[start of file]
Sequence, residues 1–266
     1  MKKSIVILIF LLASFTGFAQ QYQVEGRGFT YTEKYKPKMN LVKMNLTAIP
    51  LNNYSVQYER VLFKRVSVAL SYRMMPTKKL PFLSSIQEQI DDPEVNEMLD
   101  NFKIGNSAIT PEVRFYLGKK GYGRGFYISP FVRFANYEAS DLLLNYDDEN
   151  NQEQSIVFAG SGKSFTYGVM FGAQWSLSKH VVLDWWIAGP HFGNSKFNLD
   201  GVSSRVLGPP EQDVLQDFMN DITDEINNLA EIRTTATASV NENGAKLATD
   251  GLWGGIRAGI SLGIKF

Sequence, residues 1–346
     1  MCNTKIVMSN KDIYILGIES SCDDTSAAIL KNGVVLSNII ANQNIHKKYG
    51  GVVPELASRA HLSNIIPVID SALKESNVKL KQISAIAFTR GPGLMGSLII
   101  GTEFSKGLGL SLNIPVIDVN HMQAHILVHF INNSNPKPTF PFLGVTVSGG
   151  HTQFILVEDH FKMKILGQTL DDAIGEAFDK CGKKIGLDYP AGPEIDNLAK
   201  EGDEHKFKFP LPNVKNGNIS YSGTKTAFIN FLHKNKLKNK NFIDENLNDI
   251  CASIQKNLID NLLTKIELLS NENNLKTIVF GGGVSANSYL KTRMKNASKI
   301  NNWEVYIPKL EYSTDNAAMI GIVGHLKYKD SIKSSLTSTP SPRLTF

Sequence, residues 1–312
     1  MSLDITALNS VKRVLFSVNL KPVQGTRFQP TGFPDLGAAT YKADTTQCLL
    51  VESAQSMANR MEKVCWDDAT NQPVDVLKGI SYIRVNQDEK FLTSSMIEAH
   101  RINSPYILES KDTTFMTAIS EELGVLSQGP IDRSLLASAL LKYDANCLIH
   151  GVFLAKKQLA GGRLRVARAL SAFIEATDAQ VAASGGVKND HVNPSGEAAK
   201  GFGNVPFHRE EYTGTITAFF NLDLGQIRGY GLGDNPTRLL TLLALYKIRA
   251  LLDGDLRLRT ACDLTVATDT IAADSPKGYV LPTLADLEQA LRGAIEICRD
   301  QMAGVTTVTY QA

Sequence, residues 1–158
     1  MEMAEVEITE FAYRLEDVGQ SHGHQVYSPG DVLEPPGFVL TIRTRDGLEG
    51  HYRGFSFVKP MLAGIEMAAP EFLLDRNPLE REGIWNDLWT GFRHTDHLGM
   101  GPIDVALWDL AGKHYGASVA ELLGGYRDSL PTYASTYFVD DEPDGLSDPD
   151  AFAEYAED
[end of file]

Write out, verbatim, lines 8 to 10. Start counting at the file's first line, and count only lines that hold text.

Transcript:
Sequence, residues 1–346
     1  MCNTKIVMSN KDIYILGIES SCDDTSAAIL KNGVVLSNII ANQNIHKKYG
    51  GVVPELASRA HLSNIIPVID SALKESNVKL KQISAIAFTR GPGLMGSLII